I was asking Ksemi Rothers about, you know, who are my great grand-uncles, and great-grandfathers and so on, and I found out that they all were killed or disappeared in some completely forgotten nineteenth-century Balkan wars which no one knows any more the cause or the reason or why they were started. And so this poem kind of happened out of that. It's called "Marching."
This is a kind of a, you could say that it's sort of an elegy for my father, in seven parts.
Reads ["Elegy for my father"]
This is a love poem. I have a series of love poems in the new book but this is one of them. And I might use the title of this poem as the title of the new book. The title is "Return to a place lit by a glass of milk."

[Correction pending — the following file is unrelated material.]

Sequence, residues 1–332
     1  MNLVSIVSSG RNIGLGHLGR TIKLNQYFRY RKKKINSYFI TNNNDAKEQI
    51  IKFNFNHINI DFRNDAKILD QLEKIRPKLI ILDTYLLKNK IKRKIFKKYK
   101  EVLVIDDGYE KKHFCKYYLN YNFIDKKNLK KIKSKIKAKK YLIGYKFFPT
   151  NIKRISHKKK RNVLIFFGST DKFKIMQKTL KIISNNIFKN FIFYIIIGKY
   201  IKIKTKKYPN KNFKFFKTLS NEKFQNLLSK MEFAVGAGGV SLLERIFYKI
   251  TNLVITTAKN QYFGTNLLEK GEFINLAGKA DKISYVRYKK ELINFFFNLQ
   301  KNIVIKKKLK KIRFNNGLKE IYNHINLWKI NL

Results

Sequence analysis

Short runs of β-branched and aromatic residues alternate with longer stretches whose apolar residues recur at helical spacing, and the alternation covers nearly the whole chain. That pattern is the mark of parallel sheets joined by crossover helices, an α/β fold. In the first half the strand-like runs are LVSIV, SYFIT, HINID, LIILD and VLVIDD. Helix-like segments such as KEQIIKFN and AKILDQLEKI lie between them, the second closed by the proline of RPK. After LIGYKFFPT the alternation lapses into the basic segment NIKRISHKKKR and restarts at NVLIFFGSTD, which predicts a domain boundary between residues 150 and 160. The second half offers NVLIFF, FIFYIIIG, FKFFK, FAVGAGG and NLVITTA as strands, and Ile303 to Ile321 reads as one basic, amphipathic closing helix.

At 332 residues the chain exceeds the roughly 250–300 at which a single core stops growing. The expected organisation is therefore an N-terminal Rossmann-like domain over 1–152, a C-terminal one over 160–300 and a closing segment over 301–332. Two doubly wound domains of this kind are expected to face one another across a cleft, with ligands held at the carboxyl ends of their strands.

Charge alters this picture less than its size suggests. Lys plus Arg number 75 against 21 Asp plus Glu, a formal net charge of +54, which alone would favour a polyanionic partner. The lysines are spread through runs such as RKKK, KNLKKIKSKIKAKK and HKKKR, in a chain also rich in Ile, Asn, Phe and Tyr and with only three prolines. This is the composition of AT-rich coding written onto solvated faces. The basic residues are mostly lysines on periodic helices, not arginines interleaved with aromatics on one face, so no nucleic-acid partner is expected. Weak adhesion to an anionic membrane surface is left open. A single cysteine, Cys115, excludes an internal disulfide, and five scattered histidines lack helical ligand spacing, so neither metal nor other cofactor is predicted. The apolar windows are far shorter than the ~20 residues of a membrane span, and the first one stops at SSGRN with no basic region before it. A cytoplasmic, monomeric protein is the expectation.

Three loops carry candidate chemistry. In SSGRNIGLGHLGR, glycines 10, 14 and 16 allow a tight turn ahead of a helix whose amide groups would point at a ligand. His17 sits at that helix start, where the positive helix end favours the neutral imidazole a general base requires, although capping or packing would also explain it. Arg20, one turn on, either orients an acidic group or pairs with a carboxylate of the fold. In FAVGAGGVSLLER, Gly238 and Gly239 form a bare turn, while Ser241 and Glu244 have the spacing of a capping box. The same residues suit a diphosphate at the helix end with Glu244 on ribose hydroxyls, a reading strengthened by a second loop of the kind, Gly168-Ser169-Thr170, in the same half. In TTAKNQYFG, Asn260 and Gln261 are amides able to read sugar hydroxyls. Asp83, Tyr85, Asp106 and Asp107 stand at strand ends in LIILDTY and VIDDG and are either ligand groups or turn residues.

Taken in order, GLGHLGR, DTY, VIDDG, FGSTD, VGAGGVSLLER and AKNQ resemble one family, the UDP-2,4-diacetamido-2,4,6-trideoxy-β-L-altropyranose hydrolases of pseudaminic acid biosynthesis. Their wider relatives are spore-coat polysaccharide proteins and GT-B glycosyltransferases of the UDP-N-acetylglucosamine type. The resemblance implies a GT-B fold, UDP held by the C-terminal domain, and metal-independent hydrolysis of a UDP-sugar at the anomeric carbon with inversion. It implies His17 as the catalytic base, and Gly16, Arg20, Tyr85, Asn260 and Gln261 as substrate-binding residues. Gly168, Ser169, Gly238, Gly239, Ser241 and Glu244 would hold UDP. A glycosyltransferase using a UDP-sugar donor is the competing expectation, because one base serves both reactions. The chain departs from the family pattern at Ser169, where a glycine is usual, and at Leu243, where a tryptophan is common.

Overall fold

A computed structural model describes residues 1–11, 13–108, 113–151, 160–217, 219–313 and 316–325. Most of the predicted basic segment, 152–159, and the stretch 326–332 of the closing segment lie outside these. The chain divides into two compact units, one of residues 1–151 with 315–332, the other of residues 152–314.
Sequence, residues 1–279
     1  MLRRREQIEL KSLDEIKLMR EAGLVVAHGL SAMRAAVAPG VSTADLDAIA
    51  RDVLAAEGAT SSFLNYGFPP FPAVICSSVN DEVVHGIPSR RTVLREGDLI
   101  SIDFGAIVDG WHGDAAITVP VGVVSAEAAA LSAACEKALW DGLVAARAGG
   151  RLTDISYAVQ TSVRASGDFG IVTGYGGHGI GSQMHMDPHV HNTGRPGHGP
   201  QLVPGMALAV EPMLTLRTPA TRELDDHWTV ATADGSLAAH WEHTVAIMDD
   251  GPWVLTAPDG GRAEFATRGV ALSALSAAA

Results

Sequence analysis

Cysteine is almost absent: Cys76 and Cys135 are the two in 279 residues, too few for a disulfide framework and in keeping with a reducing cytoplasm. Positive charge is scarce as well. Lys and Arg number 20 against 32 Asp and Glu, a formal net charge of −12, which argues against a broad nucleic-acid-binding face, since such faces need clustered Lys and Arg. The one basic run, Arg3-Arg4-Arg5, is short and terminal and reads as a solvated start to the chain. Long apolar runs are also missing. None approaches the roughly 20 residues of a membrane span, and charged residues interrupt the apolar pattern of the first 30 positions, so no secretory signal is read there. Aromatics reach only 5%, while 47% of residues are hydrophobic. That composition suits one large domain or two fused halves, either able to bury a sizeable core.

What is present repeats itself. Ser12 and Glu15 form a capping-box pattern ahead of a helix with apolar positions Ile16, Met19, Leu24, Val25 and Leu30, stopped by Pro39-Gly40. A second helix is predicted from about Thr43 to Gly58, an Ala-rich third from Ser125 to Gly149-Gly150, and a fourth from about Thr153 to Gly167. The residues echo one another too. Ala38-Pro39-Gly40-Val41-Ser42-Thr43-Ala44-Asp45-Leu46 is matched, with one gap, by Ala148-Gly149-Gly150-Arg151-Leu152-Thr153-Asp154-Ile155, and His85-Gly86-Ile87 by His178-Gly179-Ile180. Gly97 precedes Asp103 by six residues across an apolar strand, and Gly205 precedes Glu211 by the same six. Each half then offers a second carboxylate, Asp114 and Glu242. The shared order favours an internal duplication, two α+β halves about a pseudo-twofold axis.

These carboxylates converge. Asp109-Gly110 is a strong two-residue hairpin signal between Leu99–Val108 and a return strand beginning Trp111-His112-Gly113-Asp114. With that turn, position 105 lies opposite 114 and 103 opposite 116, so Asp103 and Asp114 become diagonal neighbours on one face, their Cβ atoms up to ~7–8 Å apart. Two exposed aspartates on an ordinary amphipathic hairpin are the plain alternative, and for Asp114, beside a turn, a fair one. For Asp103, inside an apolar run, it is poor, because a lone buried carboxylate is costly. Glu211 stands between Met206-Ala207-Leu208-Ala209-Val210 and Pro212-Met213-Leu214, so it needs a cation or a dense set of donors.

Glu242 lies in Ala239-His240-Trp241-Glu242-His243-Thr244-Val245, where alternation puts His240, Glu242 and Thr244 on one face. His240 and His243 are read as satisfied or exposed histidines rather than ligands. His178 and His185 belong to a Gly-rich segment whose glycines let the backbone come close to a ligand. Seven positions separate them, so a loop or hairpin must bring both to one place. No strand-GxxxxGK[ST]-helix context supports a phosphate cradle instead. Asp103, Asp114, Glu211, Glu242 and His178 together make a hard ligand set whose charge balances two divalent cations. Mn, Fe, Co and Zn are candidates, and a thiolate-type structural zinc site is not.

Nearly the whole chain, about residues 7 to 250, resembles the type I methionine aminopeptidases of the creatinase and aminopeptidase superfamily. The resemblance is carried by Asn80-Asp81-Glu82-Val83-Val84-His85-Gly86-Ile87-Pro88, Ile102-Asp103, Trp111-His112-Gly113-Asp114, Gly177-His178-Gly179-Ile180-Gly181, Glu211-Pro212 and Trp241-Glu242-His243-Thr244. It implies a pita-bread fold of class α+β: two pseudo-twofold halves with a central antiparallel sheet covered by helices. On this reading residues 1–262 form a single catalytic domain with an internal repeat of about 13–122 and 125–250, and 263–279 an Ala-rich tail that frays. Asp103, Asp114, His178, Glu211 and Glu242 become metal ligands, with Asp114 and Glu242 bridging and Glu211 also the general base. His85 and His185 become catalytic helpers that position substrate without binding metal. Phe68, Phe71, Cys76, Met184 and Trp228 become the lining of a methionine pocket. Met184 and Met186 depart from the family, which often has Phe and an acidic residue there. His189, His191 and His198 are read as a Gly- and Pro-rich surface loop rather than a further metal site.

Reads "Return to a place lit by a glass of milk"
I want to read a couple more poems now. "Dismantling the Silence."
Reads "Dismantling the Silence."
The last poem in this book is called "Errata" for the good reason that after I finished the book I felt again, you know, a sense of frustration. I didn't say everything. And so each of the lines in this particular poem are really, refer to actual lines in the book. I'm kind of correcting myself. "Errata."
Thank you. [Applause]
The next reading will be on January 14th, Dorothy Livesay will read that night.